It's fair to say constitutional democracies struggle with the prosecution of their elected rulers. Naturally, rulers will break laws and treaties as they see fit; that is the point of having an executive -- not to mention a justice department which reports to it. But it's also tacitly understood that this will only be done on behalf of the "national interest," that is to say, the ruling class as a whole.

As I've already suggested elsewhere, what distinguishes the liberal democracy from dictatorship is that it aims to advance the rights of elites as a class, not just whatever portion enjoys majority control of the state. In America, this is the spirit of "bipartisanship": something that works for all rich people. In this respect, it is very important that government never serve as a seat of retribution against one's political rivals: this pledge is at the heart of every liberal democracy.

Torture is an interesting example. It's clearly prohibited in American and international law, but, like so many things, it only becomes objectionable when the costs are judged to exceed the benefits for elite concerns.

This is reflected nicely in the current "national debate" -- a debate over whether to enforce the law! -- with Republicans arguing that torture helps the republic by protecting it, and Democrats arguing that torture hurts the republic for miscellaneous reasons, including the notion that it "hurts our image around the world," thereby making the world less malleable to our interests.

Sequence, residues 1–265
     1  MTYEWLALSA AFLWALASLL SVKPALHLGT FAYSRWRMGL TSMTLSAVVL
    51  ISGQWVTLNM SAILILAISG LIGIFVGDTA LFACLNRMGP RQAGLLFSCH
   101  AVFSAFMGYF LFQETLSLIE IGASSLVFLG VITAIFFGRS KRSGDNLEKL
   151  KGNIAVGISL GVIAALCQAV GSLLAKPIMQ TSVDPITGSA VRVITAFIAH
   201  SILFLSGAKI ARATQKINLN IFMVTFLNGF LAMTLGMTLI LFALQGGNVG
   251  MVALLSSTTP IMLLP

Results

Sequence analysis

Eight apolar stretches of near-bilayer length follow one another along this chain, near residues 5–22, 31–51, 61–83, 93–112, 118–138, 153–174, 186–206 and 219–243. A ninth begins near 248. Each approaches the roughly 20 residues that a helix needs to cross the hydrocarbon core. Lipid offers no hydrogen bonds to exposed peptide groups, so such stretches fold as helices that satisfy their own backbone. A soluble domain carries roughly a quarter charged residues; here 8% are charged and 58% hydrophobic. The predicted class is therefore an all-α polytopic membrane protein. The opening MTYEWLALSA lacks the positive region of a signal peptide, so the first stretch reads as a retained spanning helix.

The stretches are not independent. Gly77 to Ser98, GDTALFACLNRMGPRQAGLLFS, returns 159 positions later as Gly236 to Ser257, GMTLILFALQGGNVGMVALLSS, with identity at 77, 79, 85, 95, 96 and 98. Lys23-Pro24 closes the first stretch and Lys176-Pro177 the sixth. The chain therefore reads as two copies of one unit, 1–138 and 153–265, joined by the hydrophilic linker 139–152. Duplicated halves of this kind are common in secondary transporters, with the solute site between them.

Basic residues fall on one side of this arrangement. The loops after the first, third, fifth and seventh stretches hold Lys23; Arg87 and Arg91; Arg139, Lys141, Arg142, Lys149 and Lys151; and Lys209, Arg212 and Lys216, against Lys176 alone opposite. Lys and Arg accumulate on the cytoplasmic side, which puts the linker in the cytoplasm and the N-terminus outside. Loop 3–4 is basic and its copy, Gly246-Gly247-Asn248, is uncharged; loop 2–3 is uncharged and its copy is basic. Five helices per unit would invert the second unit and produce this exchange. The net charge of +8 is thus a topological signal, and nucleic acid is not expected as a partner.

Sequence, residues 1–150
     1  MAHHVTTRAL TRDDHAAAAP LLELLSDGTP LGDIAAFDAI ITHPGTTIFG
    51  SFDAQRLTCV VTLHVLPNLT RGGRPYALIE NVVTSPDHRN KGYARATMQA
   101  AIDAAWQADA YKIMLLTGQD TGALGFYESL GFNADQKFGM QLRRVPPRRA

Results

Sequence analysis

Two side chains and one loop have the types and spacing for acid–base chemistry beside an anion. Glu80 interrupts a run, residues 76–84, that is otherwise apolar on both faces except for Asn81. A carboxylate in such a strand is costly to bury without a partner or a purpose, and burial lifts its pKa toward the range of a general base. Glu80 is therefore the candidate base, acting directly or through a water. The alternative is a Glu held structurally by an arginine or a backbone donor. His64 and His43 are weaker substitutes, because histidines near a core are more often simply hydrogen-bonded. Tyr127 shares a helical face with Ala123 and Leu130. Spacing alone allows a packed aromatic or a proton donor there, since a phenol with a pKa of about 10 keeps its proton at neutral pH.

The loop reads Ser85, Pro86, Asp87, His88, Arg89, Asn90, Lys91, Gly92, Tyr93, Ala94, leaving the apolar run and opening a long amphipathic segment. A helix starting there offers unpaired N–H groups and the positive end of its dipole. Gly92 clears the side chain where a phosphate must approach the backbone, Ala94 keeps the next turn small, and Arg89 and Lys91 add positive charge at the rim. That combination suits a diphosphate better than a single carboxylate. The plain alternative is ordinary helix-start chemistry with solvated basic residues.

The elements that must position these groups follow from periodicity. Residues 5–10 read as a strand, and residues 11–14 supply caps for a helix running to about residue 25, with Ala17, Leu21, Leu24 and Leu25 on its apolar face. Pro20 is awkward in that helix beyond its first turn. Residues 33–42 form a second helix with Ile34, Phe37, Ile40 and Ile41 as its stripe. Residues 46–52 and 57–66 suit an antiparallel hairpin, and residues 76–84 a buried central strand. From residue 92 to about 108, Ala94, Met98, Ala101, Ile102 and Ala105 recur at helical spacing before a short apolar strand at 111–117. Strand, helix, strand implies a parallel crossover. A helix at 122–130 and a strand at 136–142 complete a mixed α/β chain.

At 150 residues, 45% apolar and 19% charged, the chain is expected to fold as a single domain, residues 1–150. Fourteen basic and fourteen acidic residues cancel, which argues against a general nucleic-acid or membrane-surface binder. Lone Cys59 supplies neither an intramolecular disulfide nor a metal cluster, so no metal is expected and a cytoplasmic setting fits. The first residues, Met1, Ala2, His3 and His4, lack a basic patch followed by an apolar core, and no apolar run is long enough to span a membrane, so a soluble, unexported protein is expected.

(Of course, any random Middle Easterner suspected of something by US agencies who is subsequently detained and tortured would probably insist that the "image of America" is not the only thing harmed in the process, but that is not a concern which registers very high in the art of statecraft; as such, "harm to ourselves" -- to our very soul! -- appears to be the argument the Democratic Party prefers best.)

Whenever the ruling class does not enjoy consensus, the American people are treated to "debate," and solicited to support one side or the other in order to settle the concern. In this case, we have witnessed reluctance on the part of Obama start this process, presumably because it touches on principles that are dear to elites -- like the idea of holding elected officials to account for their actions after they are out of power. Suffice it to say, neither party wants to open this Pandora's box, and for very good reason. But it may be that the level of controversy this issue has stoked makes it impossible to get around; some low-level domestic prosecutions may be necessary.

Friday, April 24, 2009

Reading Capital

The biggest danger of Karl Marx is that his argument against capitalism is so powerful it evokes sympathy towards any authority that will "abolish" it.

Needless to say, harboring a priori sympathy for authority is very bad; it should also go without saying that the newer varieties are always cultivated in response to their older, better understood peers. Marx felt and understood the immorality of capitalism very well, but apparently did not anticipate the raw recruiting power this put in the hands of political agents likely to construct an analogous monopoly within the state. Looking back, this seems kind of dumb.